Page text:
• Sat. Oct 29th, 2022

South African consumers face a financial double-blow this week as new lockdown restrictions and price hikes take effect.

Jun 28, 2021

South African consumers face a financial double-blow this week as new lockdown restrictions and price hikes take effect.
Businesses and homeowners can expect to pay significantly more for electricity from 1 July as Eskom’s latest price hike will be incorporated into municipal bills.
Cape Town residents can expect to pay 13.48% more for electricity, while Johannesburg and Durban residents will be paying 14.59% from their municipalities.
Residents in these cities can also expect to pay more for water and other municipal services from this date.
These high price hikes are set to keep rising well above inflation year on year as Eskom faces serious financial issues. And what is even more frustrating, is that South Africans are also having to spend even more money to buy alternative power sources during load shedding,” said the Southern African Faith Communities Environment Institute (SAFCEI).
“As a result, many families now find themselves unable to sustain electricity costs for a month and are making difficult choices between food, toiletries, and travel so they can have lights and warmth.”
Those consumers who are directly supplied by Eskom were already hit with a 15% tariff increase as of 1 April, the result of Eskom succeeding in contesting a price increase for this year from the National Energy Regulator (Nersa) of 15.06 %.
The hikes will be a particularly bitter pill to swallow for the thousands of South Africans who have again been prohibited from earning a living due to the introduction of new adjusted level 4 lockdown restrictions from Monday (28 June).
Bars, gyms and cinemas have all been prohibited from opening until at least 11 July, while other businesses such as restaurants face greatly reduced trading due to a new evening curfew and tougher restrictions.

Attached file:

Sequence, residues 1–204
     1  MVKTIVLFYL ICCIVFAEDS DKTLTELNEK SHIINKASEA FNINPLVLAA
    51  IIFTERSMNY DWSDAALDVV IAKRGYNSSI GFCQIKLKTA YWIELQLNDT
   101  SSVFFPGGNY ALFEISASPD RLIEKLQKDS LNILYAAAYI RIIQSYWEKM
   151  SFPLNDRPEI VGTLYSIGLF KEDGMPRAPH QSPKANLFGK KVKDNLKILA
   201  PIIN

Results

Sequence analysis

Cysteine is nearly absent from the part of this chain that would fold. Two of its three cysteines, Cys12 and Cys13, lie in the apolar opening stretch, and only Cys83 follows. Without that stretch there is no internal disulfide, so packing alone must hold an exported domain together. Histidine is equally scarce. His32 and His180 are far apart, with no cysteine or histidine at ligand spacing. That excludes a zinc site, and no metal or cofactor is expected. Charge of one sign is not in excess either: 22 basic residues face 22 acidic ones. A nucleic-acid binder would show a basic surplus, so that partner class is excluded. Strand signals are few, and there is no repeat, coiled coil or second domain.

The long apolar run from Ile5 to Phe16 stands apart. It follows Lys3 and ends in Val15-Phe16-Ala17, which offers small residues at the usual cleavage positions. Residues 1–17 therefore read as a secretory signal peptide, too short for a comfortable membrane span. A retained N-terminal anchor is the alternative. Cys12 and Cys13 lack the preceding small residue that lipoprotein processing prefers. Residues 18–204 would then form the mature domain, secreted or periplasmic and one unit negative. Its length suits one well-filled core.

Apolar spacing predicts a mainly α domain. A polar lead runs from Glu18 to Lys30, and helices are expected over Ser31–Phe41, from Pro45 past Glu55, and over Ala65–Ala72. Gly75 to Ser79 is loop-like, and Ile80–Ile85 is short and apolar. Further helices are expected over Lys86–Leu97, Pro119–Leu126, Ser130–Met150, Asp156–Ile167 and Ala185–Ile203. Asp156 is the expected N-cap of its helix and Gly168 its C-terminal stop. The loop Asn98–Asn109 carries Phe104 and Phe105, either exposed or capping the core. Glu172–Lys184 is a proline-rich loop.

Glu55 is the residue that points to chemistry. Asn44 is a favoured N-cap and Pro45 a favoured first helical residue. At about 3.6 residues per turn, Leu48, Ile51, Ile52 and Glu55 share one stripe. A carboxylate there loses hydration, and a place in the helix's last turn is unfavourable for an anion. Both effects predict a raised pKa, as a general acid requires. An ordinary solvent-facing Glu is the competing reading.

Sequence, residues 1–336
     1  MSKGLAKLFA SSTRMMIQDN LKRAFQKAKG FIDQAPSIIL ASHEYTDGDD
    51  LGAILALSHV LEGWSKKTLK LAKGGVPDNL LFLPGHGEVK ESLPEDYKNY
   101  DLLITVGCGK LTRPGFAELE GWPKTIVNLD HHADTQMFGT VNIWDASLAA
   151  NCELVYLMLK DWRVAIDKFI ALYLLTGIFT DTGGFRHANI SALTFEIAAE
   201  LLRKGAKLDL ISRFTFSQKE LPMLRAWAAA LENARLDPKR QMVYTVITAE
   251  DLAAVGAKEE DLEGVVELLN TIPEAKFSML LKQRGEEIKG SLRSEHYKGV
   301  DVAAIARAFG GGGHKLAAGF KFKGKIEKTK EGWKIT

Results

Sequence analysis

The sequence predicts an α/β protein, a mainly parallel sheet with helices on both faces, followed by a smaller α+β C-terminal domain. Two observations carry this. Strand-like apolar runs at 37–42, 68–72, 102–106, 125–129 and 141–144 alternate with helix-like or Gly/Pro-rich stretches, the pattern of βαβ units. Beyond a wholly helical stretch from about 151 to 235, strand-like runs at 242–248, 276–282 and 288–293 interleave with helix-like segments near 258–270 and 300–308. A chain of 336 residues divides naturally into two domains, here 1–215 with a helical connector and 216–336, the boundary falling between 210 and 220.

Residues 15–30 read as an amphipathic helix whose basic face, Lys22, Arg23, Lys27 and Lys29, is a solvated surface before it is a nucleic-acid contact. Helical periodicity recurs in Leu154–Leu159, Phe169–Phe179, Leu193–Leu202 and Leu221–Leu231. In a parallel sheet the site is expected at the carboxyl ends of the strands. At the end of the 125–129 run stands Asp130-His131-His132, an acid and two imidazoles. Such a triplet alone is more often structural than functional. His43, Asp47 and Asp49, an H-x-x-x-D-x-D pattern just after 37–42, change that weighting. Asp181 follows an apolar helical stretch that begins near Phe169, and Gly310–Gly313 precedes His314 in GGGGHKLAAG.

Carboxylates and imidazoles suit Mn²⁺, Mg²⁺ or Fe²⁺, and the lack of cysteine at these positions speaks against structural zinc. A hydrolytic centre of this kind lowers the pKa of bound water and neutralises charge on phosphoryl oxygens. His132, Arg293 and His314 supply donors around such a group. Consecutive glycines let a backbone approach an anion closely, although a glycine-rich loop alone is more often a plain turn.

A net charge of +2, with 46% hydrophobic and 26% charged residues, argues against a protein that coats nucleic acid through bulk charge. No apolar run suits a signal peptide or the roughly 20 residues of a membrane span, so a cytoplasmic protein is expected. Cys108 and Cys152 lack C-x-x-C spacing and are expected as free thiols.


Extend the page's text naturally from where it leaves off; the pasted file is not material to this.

Unlike the country’s previous lockdowns, these businesses also cannot rely on the government-provided Temporary Employer/Employee Relief Scheme and other financial support mechanisms which ended earlier this year.
South Africans under pressure
South African consumer confidence declined in the second quarter after the government ended increased social welfare payments and temporary relief measures for workers who lost their income because of the coronavirus pandemic.
A quarterly index measuring sentiment fell to -13 in the three months through June from -9 in the previous quarter, First National Bank said in an emailed statement Monday. The index has now erased gains that saw it return to pre-pandemic levels earlier this year and remains below the average consumer-confidence reading of 2 since 1994.
The decline is largely due to an alarming turnabout in sentiment among low-income households, with the mood among the least-affluent consumer group that earns less than R2,500 per month falling from zero to -22, while confidence among higher-income categories deteriorated only marginally, FNB said.
Household consumption expenditure accounts for about 60% of gross domestic product.
While the third wave of coronavirus infections, rising food and fuel prices and a weak recovery in low-income jobs that were lost last year are likely to have weighed on the index, the expiration of virus-related temporary welfare measures arguably dealt the largest blow to the spending power and confidence levels of low-income consumers, said FNB Chief Economist Mamello Matikinca-Ngwenya.
In the absence of further expansionary welfare spending by the government, the prospects for low-income consumers and non-durable goods retailers are very much tied to job creation, which has been the Achilles heel of the South African economy, she said.
Almost a third of the countrys workforce is unemployed, latest data from Statistics South Africa show.
Additional reporting by Bloomberg
Read: Heres how much more you will pay for electricity and water in Joburg, Durban and Cape Town from next week